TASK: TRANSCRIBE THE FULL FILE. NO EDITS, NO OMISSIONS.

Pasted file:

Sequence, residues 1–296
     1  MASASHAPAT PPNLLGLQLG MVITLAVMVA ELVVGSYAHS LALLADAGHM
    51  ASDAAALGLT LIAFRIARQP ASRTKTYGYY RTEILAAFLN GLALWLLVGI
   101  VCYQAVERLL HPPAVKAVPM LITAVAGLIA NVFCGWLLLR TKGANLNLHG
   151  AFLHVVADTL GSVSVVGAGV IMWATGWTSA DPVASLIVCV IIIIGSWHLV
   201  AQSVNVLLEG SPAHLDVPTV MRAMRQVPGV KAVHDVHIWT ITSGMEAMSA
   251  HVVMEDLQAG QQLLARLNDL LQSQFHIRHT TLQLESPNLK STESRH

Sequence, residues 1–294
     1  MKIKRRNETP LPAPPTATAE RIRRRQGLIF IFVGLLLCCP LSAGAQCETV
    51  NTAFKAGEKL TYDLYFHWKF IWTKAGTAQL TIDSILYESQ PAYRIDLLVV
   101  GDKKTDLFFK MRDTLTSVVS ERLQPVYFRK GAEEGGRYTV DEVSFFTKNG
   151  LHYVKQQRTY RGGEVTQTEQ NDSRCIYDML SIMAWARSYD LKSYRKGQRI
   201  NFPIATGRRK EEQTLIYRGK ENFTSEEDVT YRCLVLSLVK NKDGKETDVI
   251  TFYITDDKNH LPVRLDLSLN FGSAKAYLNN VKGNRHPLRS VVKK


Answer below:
Sequence, residues 1–296
     1  MASASHAPAT PPNLLGLQLG MVITLAVMVA ELVVGSYAHS LALLADAGHM
    51  ASDAAALGLT LIAFRIARQP ASRTKTYGYY RTEILAAFLN GLALWLLVGI
   101  VCYQAVERLL HPPAVKAVPM LITAVAGLIA NVFCGWLLLR TKGANLNLHG
   151  AFLHVVADTL GSVSVVGAGV IMWATGWTSA DPVASLIVCV IIIIGSWHLV
   201  AQSVNVLLEG SPAHLDVPTV MRAMRQVPGV KAVHDVHIWT ITSGMEAMSA
   251  HVVMEDLQAG QQLLARLNDL LQSQFHIRHT TLQLESPNLK STESRH

Sequence, residues 1–294
     1  MKIKRRNETP LPAPPTATAE RIRRRQGLIF IFVGLLLCCP LSAGAQCETV
    51  NTAFKAGEKL TYDLYFHWKF IWTKAGTAQL TIDSILYESQ PAYRIDLLVV
   101  GDKKTDLFFK MRDTLTSVVS ERLQPVYFRK GAEEGGRYTV DEVSFFTKNG
   151  LHYVKQQRTY RGGEVTQTEQ NDSRCIYDML SIMAWARSYD LKSYRKGQRI
   201  NFPIATGRRK EEQTLIYRGK ENFTSEEDVT YRCLVLSLVK NKDGKETDVI
   251  TFYITDDKNH LPVRLDLSLN FGSAKAYLNN VKGNRHPLRS VVKK